The safari schedule can be a bit demanding but it's worth it. On our second day at Londolozi we awoke to a knock on the door at 5 a.m. which is the norm. Coffee and fruit were delivered along with our wake up. We had half an hour to get dressed and meet in the car park close by. Kate and Life were waiting with our vehicle along with Allan and Loraine. It really is a luxury having just the four of us in the vehicle, which could seat nine if all the seats were filled. I don't think they ever put more than six at a time though. It was cool and cloudy but not raining. The early morning is a beautiful time in the bush. Everything is coming awake with innumerable birds singing their songs all at the same time. Londolozi has several ponds and water holes as well as the river so this provides habitat for and attracts a great variety of animals. We saw Hippopotamus wallowing in the water as well as a crocodile. There was also a large nest of Village Weavers being built on a dead tree standing in the middle of a pond. The bird life here is phenomenal. I have tried to write down some of the names of the birds we are seeing but I can't keep up with it, there are so many. In particular there are an extraordinary number of different types of eagles. That morning we saw an African Carrier Hawk, a Wahlberg's Eagle, and an African Fish Eagle–all majestic and beautiful.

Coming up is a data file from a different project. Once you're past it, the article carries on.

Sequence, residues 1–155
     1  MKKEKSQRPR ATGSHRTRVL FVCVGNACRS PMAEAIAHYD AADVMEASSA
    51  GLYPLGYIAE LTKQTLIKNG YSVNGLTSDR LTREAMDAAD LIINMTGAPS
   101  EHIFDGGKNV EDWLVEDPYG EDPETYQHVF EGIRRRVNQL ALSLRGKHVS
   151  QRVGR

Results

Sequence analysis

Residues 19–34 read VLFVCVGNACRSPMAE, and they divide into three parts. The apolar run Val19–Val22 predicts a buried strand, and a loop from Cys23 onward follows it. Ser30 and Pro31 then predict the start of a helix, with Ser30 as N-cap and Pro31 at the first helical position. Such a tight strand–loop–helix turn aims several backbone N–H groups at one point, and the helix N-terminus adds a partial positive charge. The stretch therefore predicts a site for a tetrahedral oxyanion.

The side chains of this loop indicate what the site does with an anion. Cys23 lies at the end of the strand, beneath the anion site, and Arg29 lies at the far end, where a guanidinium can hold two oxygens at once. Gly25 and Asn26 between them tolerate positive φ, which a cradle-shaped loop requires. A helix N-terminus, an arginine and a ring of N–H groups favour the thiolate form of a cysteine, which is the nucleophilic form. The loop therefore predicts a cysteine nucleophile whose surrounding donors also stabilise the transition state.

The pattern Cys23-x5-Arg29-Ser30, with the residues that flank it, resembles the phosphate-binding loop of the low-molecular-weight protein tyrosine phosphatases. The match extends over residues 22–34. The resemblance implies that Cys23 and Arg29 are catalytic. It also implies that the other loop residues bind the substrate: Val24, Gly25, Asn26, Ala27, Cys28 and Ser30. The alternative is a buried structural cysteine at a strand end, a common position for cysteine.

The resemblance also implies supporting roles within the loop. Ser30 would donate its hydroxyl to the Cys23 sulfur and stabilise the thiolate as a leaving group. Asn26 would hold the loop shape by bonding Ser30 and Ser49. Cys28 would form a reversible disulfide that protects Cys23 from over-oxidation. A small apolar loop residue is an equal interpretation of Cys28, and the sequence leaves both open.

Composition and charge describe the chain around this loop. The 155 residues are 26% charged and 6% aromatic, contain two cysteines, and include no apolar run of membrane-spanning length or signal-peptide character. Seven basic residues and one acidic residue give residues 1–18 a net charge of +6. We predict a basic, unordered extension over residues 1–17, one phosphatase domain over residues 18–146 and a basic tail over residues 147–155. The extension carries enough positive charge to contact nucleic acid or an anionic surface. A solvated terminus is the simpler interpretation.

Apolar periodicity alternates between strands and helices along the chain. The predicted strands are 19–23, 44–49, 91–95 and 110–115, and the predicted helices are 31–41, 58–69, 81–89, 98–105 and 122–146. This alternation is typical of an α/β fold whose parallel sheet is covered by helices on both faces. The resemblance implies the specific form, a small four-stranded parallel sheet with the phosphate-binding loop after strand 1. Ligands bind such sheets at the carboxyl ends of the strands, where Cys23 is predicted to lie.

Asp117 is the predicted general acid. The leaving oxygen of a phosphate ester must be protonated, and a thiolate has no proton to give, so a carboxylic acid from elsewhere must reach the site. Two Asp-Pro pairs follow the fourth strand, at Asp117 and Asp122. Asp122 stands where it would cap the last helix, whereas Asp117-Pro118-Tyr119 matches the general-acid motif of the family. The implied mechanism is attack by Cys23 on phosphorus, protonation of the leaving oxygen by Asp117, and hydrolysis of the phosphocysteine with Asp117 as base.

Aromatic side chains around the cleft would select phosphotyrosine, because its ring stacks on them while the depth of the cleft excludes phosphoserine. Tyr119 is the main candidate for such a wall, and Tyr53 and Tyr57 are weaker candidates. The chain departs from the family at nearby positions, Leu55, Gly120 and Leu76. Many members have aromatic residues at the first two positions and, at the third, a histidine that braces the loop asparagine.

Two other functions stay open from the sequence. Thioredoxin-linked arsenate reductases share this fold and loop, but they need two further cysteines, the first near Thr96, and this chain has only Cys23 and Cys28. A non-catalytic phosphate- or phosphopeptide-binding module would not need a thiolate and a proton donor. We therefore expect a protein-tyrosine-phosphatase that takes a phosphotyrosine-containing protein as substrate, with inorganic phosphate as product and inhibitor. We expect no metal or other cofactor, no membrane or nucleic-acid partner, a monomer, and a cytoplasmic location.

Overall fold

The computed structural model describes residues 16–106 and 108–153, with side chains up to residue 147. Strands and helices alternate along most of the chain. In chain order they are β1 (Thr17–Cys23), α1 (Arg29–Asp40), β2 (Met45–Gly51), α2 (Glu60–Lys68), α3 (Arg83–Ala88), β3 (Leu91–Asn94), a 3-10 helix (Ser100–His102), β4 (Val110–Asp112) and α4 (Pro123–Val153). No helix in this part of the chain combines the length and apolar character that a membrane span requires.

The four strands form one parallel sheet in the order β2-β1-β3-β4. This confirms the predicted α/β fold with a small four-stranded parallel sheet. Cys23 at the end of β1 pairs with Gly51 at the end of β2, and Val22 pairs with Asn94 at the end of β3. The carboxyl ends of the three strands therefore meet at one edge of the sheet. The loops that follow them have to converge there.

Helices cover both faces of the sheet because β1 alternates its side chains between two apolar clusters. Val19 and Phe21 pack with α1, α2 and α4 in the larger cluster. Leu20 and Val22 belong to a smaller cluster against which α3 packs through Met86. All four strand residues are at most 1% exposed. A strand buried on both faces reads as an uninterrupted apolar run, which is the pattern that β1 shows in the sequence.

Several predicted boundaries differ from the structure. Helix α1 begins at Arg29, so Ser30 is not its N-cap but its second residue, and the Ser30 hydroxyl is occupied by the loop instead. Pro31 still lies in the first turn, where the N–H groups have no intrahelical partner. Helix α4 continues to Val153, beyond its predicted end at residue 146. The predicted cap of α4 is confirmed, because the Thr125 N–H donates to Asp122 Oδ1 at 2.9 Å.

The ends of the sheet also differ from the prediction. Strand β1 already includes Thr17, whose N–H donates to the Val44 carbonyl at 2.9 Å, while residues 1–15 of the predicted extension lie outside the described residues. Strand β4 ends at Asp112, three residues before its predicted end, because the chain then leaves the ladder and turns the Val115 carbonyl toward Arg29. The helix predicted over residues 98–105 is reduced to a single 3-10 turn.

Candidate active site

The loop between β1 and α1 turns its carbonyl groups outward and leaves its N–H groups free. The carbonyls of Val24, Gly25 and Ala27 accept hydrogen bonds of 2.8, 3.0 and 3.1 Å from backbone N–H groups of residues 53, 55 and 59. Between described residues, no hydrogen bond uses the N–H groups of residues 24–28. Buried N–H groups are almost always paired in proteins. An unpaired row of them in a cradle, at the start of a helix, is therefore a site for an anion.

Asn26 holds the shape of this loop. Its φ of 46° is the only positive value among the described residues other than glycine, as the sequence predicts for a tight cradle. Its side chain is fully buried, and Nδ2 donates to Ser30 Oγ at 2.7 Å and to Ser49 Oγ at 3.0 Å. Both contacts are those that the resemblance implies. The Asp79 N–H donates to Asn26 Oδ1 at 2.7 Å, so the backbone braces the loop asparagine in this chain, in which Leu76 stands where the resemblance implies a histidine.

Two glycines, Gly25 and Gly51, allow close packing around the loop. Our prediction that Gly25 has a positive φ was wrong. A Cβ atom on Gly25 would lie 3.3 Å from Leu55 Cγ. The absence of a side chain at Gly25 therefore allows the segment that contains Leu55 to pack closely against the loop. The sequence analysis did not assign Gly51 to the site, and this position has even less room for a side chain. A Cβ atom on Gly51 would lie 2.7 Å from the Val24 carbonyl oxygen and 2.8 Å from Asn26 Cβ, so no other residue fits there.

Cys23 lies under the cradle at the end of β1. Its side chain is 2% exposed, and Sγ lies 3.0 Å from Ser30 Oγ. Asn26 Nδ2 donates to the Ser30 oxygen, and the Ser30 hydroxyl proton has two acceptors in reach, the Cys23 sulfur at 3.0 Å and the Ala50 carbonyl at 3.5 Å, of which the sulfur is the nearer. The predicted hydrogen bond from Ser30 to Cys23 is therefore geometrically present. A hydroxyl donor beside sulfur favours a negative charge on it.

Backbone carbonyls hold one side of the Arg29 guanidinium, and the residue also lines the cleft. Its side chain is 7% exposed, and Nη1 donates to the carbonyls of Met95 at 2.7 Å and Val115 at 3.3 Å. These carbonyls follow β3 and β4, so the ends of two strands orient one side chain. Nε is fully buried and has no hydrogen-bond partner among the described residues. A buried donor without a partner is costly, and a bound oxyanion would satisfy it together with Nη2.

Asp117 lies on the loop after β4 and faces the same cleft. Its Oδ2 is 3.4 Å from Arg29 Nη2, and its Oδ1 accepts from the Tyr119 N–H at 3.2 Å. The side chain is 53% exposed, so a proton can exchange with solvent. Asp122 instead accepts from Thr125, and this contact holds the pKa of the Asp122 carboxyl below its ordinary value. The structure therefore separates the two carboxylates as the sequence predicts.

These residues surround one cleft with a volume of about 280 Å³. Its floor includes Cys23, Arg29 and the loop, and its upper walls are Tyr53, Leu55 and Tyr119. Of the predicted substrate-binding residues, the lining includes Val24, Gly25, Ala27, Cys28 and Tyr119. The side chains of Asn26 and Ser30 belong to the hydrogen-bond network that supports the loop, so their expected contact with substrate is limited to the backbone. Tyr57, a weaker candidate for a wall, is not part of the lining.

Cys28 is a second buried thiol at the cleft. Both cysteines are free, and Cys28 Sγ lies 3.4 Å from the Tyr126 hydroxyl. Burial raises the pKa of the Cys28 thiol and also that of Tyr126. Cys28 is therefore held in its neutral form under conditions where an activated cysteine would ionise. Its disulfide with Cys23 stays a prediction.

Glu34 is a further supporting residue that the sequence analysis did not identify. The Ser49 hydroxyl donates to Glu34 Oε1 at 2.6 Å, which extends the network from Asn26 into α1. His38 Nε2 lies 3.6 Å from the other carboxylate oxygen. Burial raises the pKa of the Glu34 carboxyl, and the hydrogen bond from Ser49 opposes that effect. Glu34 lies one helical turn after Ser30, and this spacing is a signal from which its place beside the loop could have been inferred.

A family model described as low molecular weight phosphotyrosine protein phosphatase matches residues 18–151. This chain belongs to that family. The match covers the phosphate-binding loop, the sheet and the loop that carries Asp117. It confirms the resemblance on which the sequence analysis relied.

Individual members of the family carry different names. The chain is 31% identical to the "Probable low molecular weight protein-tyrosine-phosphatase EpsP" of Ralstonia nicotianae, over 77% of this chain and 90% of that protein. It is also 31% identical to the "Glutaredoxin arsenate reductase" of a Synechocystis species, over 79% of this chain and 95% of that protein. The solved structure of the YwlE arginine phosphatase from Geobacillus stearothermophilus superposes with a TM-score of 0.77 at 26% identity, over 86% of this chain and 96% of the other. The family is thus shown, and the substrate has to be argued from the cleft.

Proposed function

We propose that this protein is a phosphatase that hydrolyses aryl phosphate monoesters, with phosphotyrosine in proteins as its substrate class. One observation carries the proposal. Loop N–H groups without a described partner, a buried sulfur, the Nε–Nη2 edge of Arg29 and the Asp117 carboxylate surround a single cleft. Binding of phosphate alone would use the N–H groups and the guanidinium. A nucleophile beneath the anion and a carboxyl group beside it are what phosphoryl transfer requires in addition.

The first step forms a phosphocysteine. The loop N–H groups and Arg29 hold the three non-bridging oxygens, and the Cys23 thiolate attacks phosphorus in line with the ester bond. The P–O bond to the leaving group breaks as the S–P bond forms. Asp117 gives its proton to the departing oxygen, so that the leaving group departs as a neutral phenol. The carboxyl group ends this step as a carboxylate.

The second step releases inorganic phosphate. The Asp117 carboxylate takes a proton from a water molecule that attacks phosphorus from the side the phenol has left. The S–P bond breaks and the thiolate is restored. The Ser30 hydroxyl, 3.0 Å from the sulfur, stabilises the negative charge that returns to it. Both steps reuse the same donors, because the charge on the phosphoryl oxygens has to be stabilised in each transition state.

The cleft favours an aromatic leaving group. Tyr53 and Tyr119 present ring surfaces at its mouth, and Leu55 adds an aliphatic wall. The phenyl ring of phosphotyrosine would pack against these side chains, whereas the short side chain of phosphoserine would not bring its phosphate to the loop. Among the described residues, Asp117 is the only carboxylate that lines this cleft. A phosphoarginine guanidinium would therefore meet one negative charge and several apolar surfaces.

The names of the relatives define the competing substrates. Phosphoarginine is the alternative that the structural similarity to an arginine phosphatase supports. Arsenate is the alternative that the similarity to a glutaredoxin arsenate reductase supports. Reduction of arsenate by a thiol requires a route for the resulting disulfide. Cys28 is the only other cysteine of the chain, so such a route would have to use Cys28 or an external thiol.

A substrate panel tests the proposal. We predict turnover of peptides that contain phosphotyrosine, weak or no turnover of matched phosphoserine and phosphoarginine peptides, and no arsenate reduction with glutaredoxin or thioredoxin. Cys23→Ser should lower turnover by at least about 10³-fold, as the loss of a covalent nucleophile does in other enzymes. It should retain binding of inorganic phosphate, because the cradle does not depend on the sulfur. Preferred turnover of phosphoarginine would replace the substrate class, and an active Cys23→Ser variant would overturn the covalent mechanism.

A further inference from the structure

Kate said there had been some leopard tracks seen in one part of the reserve so we headed in that direction. The rangers and trackers all communicate quite frequently by radio while they are out on a game drive. They share information about sightings and tracks and cooperate in locating animals. So after a bit of looking and narrowing it down via searching for tracks and combing certain areas of bush, Kate and Life were pretty sure that the male leopard they were tracking was somewhere in a particular patch of bush. Kate parked the vehicle and they both went off into the bush to look for him leaving us sitting in the Land Rover. Whenever they leave the vehicle to walk around on foot, they take a rifle, just in case. We didn't have to wait too long before they were back and sharing their success. They had located the leopard. In order to get to him, we drove off the road and into the thick of the bush. The reserve is crisscrossed by dirt and sand roads and tracks but when necessary, they simply drive into the bush and go overland to where they need to be. It is utterly amazing where they can go. You would think there was no way through but then they drive in, over a few bushes and trees and there you are staring at a leopard. We found the Marthly Male, as this leopard is called, lying in some grass having a snooze. He was so well camouflaged it was easy to see how he could be missed by the casual observer. By the same token, that sensational camouflage also allows him to sneak up on his prey.
I've had trouble getting my posts to upload and I'm not sure what the problem is. I'm going to try posting smaller bits at a time to see if that works. Our leopard fun continues in the next post!